This short review contains no spoilers, except the fact that the movie is about time travel, and now I've just spoiled that for you anyway. Whoops.
Bender's Big Score is the first, and probably the best, of the four feature length Futurama films that represented either the last gasp of the original production run or the first breath of the second, depending on your perspective. Unlike many other film adaptations of television series, the formula is not substantially different than that used in single episodes - quite the contrary, the film is something of a medley of everything that made the series fun to watch, complete with several musical numbers and cameo inclusions of nearly every bit character from the entire first production run and the usual full complement of fourth-wall breaking moments. The extra time simply allows for a more involved plot.
...a much more involved plot.
Bender: "Geesh, this is confusing..."
The Futurama series' entire subtextual plot driver had been time travel, in one form or another; in the very first episode Fry, apparently a contemporary everyman, "travels" to the future via cryogenics - and most of the major story arc developments thereafter invoked time travel in some form or other as well. Notably, Fry becomes his own grandfather in "Roswell That Ends Well", and travels back in time again (this time on purpose) in "The Why of Fry". In Bender's Big Score however, time travel - honest-to-god, Back-To-The-Future-style time machine time travel - is introduced for the first time; not only introduced, but made the focus of the plot, generally considered a risky move in sci-fi circles. Fortunately it works well - naturally, this being Futurama, every sci-fi time travel trope in the book is mercilessly dragged out, parodied, and roundly deconstructed. While the time travel model used in the film is not exactly "hard sci-fi" (the so-called "paradox correcting" time machine is in fact nothing of the sort), it is tuned for maximum comedy, so it's hard to criticise it on that account.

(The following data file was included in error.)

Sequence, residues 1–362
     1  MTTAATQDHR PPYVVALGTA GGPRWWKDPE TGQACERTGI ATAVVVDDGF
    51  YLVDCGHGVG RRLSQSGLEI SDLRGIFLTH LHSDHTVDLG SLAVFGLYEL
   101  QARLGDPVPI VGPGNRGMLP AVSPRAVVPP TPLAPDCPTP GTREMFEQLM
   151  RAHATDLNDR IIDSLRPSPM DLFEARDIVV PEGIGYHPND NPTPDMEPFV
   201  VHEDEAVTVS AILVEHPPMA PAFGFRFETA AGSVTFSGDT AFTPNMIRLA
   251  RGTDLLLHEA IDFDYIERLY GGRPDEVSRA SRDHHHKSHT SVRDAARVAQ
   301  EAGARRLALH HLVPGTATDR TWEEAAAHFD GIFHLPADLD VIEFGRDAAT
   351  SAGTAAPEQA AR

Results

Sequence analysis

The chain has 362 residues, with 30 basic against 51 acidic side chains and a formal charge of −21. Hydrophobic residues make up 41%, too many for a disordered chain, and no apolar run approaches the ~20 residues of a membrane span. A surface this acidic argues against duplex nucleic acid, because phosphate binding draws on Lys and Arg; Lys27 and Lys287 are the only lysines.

Bender: (looking directly at the camera) "...and I bet it’s going to get a lot more confusing!"
Bender's Big Score has an extremely tangled timeline, but while it is sometimes compared to Primer in this respect, it is not nearly as difficult to follow: everyone's *personal* timeline is pretty much followed in a linear fashion. Integrating all the various scenes into a coherent whole still takes some effort, and for my part it required multiple viewings to properly understand it. A lot of thought and inventiveness was clearly poured in.
The scale of the plot is sufficiently epic, and the implementation of it sufficiently engaging, to more than make up for the lack of dense laugh-a-minute jokes (which is to be expected anyway when a plot has to be sustained over that length of time). Unfortunately, the requirement that the film be divided into 3 episode length portions for television broadcast, while invisible to the DVD viewer, leads to some moderate pacing issues - it's a little too easy to get bored about 3/4 of the way through. Nevertheless, at no point does it lose its way - events lead, if not logically or even serially, then at least haphazardly in the general direction of a reasonably dramatic climax, and the end of the film leaves one with a satisfying feeling of a story well-told (coupled with a distinct sense of "what the fuck just happened").
I'll leave more detailed analysis to others more skilled, but my verdict stands at: